More women appear to be trying to "have it all," according to a new survey.
Today, just one in five women between the ages of 40 and 44 with a master's degree has no children. Twenty years ago, close to a third were childless, according to a report from the Pew Research Center.
Not only are a rising share of highly educated women having babies, but they're increasingly likely to have multiple babies. (No word on their mental state or sleep deprivation.)
At the same time, the number of women in leadership positions in the workforce is growing. Where highly educated women may have once have felt like they couldn't balance both work and family, more are, as Sheryl Sandberg would say, leaning into that challenge.
"Highly educated moms today may be a little bit different than highly educated moms 20 years ago," senior researcher Gretchen Livingston told Fusion. "It's becoming more common now for women to get advanced degrees…so the profile of who these women are might be a little different."
Livingston can't say for sure what's driving the increase, but she has some theories. There's a growing acceptance of working moms, she said, which may play a role. Highly educated women are also more likely to have babies later in life, an option made increasingly possible by advances in reproductive technology. Finally, highly educated women today are a bit more likely to be married now than 20 years ago, Livingston said—and married women are more likely to have babies.
Childlessness among all women ages 40 to 44, according to the report, is at a 10-year low point of 15 percent. It rose to 20 percent during the mid-2000s, perhaps driven by the Recession. But family size overall has remained relatively constant at about two children, with a drop in the number of four-child families and an increase in the number of one-child families.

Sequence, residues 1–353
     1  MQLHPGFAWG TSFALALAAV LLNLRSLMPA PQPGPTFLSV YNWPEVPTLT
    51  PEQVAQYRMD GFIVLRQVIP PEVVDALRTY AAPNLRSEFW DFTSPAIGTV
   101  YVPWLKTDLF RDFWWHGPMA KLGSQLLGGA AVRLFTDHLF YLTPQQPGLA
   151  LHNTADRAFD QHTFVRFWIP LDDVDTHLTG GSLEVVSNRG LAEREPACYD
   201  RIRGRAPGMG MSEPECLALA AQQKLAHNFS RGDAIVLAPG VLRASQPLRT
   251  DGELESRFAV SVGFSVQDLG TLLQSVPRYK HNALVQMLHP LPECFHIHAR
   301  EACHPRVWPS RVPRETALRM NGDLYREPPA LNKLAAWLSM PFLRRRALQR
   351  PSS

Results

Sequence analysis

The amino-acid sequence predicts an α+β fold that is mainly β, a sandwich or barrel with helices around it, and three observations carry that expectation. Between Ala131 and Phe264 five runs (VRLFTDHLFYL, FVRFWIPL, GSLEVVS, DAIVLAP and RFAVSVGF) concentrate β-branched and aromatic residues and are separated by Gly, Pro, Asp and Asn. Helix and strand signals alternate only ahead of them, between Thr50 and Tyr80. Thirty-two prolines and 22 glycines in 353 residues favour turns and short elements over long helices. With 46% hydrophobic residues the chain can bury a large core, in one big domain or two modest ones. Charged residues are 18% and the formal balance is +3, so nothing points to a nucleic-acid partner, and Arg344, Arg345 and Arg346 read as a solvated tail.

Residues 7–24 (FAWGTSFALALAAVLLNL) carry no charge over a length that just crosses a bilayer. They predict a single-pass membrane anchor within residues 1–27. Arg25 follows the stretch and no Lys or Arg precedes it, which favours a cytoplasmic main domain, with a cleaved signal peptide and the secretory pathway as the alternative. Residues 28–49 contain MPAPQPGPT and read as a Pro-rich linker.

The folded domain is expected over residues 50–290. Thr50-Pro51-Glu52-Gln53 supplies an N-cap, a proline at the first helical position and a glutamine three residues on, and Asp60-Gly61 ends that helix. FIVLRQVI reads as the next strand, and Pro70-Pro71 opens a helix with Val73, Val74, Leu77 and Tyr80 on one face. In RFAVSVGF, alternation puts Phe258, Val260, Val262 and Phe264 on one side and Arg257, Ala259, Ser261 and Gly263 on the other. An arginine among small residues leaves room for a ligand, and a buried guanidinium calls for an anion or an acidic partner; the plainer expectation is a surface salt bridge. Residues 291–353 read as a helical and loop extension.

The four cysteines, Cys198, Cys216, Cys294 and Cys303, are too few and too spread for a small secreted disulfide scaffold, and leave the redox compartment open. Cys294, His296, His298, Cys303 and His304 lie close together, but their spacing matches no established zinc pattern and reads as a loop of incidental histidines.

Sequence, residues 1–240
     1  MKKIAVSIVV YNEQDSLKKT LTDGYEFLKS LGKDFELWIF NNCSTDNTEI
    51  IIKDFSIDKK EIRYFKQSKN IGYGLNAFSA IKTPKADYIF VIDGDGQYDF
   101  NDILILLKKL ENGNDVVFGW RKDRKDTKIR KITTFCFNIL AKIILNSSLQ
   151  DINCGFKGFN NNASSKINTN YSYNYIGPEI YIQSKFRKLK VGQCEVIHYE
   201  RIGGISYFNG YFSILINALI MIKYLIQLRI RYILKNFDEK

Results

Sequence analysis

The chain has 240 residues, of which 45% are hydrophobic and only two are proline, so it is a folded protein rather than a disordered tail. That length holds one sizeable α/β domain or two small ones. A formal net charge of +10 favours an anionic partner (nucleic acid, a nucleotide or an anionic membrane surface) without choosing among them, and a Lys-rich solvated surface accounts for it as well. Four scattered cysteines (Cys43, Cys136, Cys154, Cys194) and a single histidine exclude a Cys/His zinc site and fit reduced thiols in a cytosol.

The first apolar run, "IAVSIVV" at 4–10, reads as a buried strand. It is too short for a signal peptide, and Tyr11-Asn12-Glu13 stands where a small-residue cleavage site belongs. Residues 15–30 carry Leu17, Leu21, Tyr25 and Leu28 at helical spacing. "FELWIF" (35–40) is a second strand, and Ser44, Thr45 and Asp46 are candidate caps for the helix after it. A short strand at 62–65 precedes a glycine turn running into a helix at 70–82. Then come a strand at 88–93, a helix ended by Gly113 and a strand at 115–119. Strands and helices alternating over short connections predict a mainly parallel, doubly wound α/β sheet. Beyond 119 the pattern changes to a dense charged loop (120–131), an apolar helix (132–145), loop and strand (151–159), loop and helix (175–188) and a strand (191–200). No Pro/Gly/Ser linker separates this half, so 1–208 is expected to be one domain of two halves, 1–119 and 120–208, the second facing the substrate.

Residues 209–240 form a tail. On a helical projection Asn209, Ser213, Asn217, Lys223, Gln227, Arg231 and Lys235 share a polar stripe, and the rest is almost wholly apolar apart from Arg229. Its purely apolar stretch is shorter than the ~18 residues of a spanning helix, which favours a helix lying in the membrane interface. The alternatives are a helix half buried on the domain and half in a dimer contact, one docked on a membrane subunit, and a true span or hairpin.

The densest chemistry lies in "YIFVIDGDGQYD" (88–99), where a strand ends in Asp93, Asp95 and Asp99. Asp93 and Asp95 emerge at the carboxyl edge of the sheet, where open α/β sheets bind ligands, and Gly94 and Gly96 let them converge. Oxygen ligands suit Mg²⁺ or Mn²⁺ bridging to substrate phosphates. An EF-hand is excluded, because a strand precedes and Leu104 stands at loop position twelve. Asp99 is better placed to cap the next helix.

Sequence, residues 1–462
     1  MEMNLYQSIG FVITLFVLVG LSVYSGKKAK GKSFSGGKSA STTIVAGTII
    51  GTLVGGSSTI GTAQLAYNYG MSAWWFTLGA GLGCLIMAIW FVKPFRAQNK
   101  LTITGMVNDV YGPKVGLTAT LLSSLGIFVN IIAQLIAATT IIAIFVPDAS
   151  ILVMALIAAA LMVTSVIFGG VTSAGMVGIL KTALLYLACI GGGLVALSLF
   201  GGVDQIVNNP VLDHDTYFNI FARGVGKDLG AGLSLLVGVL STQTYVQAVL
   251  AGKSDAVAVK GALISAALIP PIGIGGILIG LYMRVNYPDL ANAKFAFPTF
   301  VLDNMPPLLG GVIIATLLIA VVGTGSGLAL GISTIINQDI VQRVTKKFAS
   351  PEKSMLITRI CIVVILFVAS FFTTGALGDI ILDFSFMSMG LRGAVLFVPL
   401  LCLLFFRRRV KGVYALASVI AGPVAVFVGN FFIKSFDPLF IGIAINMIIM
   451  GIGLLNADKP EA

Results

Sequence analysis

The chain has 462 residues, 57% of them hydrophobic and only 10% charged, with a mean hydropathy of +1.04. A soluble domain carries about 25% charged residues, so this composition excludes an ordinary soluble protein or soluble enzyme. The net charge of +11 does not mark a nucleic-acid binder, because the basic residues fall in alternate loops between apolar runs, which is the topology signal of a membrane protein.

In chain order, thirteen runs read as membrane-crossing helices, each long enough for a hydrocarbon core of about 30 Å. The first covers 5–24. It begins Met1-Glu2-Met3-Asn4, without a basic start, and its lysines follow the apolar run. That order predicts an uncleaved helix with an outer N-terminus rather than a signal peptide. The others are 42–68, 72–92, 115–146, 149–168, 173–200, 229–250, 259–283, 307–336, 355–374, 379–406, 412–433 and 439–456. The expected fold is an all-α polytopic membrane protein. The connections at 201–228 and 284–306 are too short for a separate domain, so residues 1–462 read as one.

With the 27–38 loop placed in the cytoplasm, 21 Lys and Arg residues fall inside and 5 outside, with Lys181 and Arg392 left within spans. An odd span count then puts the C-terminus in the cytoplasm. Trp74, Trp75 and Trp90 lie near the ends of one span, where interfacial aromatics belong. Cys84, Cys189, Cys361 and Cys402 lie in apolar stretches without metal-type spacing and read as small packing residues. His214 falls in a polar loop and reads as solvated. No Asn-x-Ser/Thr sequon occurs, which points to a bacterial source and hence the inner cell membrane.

While highly educated women are more likely to have children now than they were two decades ago, the survey didn't find clear trends among less-educated women. And it remains generally true that the more educated a woman is, up to a bachelor's degree, the less likely she is to be a mother. That may strike some as counterintuitive, Livingston acknowledged, because more educated women are arguably more likely to have childcare options and a greater ability to negotiate flexible work hours—but the burden of raising children still falls primarily to women and some are choosing to opt out of that balancing act.
Opting not to have children is also becoming a more socially acceptable choice, Livingston said. While childlessness among older women is declining, it's been steadily rising among young women since the 1970s, meaning there may be less pressure to get married young and have babies now than in previous generations.
Emily DeRuy is a Washington, D.C.-based associate editor, covering education, reproductive rights, and inequality. A San Francisco native, she enjoys Giants baseball and misses Philz terribly.